Here’s a small follow-up that concerns both creatures. As reported by Tom Spears in the Ottawa Citizen and Emily Chung for the CBC, recently-published research by J.F. Benson and B.R. Patterson indicates coyote or coyote-wolf hybrids in Ontario are able to hunt not just sick or young moose, but adult moose too.
Published by NRC Research Press, the study is titled: Moose (Alces alces) predation by eastern coyotes (Canis latrans) and eastern coyote × eastern wolf (Canis latrans × Canis lycaon) hybrids
Lead author John Benson did most of the research west of Ontario’s Algonquin Park while a graduate student at Trent University. Benson is now a wildlife research biologist with the Alaska Department of Fish and Game with a strong background in the area of wolf-coyote hybridization.
Some of the comments on the CBC article were dismissive of the findings, saying that isn’t news (was already known to happen) or represents a waste of research funds. “My uncle who hunts says” or “one time I saw” can be valid, useful information. But – like it or not – claims of fact often require formal studies and peer-review by recognized experts to be accepted in the scientific community.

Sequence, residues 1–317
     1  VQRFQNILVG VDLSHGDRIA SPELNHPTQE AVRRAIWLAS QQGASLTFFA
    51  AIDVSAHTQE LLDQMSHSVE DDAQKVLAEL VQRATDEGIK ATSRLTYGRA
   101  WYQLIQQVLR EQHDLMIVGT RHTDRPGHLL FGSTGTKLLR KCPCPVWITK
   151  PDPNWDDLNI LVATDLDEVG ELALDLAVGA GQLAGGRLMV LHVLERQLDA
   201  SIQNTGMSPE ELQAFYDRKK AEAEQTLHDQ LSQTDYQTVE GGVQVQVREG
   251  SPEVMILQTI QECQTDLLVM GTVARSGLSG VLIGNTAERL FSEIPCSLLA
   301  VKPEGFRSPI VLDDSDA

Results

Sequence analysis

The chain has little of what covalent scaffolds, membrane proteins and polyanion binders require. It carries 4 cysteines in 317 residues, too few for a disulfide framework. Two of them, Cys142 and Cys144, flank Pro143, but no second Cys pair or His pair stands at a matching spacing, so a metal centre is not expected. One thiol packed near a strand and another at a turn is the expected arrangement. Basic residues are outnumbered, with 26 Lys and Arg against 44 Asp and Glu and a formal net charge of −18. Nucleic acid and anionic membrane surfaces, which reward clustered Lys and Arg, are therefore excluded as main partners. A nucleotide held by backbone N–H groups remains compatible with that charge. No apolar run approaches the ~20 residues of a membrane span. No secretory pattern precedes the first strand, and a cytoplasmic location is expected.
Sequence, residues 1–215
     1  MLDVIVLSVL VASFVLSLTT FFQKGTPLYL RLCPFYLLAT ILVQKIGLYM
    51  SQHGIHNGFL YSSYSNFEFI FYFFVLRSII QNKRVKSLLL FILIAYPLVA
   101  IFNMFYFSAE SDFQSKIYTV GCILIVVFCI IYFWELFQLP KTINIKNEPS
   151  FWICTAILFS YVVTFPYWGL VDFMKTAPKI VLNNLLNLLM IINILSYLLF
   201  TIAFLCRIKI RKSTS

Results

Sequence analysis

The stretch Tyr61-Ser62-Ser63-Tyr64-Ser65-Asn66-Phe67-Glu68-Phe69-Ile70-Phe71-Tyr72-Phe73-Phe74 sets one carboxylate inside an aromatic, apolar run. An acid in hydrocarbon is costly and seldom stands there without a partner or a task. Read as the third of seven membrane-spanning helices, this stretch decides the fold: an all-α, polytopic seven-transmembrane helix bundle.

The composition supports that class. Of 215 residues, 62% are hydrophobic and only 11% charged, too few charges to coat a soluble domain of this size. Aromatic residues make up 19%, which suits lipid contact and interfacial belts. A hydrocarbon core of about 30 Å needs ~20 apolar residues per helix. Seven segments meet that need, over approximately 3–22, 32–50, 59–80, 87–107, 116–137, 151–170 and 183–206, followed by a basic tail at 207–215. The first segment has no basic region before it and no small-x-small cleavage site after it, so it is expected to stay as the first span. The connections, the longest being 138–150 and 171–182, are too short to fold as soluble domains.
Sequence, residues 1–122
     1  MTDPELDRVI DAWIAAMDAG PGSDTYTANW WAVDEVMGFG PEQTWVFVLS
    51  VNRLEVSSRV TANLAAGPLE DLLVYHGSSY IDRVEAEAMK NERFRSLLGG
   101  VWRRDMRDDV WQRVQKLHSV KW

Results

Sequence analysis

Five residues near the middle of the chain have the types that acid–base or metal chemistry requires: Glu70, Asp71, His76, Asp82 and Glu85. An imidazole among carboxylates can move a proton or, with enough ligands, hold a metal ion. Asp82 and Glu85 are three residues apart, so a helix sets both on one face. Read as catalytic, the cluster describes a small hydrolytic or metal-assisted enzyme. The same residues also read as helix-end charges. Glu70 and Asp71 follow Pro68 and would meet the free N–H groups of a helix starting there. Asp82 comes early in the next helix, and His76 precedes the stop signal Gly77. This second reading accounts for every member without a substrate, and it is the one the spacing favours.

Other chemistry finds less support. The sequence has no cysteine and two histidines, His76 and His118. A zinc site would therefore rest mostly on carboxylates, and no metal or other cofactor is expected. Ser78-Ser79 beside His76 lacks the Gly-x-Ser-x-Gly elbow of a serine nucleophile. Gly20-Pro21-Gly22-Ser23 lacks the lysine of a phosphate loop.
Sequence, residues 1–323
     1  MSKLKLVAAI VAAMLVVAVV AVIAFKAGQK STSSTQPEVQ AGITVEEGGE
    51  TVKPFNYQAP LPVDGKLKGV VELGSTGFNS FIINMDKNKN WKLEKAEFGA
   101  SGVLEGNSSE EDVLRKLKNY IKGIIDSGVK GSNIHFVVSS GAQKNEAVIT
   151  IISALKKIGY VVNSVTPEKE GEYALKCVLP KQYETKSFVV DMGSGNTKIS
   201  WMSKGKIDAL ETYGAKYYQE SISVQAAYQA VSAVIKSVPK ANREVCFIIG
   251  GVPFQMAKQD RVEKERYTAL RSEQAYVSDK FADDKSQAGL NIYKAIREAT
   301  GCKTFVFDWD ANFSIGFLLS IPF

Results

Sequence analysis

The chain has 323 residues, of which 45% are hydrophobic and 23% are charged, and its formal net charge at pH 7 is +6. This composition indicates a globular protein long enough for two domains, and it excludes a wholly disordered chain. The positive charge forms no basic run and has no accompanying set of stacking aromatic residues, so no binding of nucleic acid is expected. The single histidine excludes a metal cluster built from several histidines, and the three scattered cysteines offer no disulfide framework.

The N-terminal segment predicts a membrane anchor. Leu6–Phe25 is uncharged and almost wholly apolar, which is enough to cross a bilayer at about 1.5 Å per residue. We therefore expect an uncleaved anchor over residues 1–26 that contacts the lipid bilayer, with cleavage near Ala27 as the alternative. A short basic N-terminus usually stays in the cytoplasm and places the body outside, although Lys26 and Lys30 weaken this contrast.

This topic extends to questions about what’s a wolf, what’s a coyote and what happens when the two inter-breed. Here’s more on grey wolves, eastern wolves, western coyotes and coywolves (a hybrid) from CBC’s “The Nature of Things”.
A 2012 incident in British Columbia , while alarming, was less serious, when a man who admitted he smelled like fried chicken was chased by a coyote as he cycled home.